Associate Dentist Wants to Buy into Dental Practice – Questions

I would like to resolve my situation soon.

I have been an associate for 5 years in a practice, well-compensated (40 % collections minus 50% lab). I left another partnership to pursue this associateship full time last year, working to a future partnership buy-in. Last year production about $1 million, although it did drop off the last 4 months due to the recession. Also last year, the owner completed a rather large build out in a new office space, probably in the $700k range (via loans).

My question is: do I buy into the loan amount when I do buy in, and if so, does that reduce my buy-in amount?

Depending on the structure of the buy-in, yes, any debt reduces the asset value in terms of YOUR buy-in figure. That’s because after you buy-in a portion of your profits will be going towards reducing the debt.

Think of it like this, there’s a house you want to purchase that’s been appraised for $100,000. If there’s a mortgage on that house for $80,000 AND it’s assumable, you would pay the owner $20,000 for the house, NOT $100,000 because you’re also taking on the debt. If you bought a 50% interest in the house your payment would be $10,000 and each of you would be responsible for half the debt.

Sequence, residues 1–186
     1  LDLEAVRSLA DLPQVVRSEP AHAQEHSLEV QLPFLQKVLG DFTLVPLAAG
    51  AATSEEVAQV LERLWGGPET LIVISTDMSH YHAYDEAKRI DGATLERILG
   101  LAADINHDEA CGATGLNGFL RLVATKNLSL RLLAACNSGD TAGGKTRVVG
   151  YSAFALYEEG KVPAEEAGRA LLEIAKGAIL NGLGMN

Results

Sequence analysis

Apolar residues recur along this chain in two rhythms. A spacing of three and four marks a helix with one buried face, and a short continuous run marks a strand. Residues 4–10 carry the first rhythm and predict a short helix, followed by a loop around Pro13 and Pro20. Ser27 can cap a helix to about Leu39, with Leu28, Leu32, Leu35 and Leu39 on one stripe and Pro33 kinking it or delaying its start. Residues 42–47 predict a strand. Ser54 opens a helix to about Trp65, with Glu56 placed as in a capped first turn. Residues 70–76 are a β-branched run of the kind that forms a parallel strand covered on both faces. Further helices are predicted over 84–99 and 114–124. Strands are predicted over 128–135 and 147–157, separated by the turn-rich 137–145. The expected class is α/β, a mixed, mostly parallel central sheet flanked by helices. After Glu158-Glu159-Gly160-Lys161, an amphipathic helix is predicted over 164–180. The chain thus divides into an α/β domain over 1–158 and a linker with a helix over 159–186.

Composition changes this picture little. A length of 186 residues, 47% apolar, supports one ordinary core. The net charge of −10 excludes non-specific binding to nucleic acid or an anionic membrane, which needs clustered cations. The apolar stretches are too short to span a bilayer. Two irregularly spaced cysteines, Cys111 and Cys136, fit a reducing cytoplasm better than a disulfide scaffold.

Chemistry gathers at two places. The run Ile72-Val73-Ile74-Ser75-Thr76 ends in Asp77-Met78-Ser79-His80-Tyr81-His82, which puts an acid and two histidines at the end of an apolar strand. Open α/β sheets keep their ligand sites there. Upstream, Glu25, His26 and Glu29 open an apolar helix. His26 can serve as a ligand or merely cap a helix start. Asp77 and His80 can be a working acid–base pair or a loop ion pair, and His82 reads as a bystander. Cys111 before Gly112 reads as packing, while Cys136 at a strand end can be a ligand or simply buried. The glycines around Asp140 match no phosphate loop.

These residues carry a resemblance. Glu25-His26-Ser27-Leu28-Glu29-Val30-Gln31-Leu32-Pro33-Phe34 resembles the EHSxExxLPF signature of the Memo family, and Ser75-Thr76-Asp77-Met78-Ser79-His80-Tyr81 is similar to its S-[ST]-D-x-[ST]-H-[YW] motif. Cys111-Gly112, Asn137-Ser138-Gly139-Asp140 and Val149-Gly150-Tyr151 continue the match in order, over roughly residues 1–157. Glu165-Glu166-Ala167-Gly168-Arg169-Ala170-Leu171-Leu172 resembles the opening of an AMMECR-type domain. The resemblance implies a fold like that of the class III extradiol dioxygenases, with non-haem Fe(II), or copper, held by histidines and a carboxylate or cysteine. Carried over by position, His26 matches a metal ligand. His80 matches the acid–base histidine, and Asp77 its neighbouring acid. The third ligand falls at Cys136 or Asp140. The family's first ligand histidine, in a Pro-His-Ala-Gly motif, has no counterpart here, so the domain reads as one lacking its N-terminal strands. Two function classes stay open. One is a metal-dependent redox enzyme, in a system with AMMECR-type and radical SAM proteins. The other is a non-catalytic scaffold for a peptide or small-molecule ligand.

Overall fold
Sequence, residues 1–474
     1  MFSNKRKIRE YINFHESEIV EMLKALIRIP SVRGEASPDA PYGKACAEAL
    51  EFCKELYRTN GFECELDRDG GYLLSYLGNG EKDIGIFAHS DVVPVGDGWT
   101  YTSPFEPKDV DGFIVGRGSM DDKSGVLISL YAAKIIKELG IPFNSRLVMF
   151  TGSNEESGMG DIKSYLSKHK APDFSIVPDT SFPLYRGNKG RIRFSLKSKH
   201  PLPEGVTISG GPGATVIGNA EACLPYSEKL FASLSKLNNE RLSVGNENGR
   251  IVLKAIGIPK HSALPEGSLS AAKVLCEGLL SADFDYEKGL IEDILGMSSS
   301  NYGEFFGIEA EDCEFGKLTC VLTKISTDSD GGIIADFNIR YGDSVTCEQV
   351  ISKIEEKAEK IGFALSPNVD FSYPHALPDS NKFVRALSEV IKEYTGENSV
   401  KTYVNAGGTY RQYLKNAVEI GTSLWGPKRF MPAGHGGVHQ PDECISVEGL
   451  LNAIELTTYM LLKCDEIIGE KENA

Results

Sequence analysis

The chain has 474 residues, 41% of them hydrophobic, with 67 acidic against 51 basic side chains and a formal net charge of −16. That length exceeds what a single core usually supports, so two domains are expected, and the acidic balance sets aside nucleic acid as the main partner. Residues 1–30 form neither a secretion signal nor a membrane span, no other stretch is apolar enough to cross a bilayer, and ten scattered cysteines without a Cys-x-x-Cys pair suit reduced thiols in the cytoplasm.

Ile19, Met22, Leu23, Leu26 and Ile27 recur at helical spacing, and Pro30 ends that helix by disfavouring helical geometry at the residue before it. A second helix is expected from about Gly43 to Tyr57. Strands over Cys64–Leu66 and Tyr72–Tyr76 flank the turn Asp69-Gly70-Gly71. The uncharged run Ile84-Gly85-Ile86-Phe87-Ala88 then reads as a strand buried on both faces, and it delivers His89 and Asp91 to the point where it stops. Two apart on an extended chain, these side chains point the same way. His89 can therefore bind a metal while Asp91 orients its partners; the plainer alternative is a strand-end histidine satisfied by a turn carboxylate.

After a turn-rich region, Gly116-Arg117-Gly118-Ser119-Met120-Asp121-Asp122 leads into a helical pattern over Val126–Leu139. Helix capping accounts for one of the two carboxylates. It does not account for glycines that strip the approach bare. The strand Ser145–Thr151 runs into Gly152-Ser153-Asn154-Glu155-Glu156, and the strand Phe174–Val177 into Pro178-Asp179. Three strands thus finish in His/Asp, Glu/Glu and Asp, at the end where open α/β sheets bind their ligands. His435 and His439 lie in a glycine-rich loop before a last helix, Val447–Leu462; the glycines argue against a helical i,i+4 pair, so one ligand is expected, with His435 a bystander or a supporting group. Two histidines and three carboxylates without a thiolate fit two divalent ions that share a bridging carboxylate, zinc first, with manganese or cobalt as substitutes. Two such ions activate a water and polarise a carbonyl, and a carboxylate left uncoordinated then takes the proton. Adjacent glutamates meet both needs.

Make sense?

If not, is it a good idea to even consider buying in to a practice with a large liability?

Depends, might be a blessing! Might mean minimal upfront money from you! What about the large asset?

He is also talking about not including the equipment in the buy-in figures, that by the time I buy in, it will have depreciated to a point where I would be paying more than I should for it, that he’s doing me a favor to keep it out of the equation. That’s confusing to me.

Me too.

Now for some reason, maybe because of the recession and/or the build out loan, he has yet to show me anything resembling an agreement, or any idea of how much he wants for a buy-in amount , keeps putting me off (it’s been about a year since we first talked about partnership). I can guesstimate, but I don’t want to work here and find out later that his figure is too high/not workable. My other option would be purchase a place of my own now, instead of waiting (my plan B). Looking for input?

Press the issue, PRESS THE ISSUE! Ask for a written proposal by the end of next week, or a timeframe you’re comfortable with that’s shorter rather than longer. Say that unless you begin to see the ball rolling you have to consider other opportunities.


This post first appeared on DentalTown.

Send your questions to Tim Lott, CPA, CVA at

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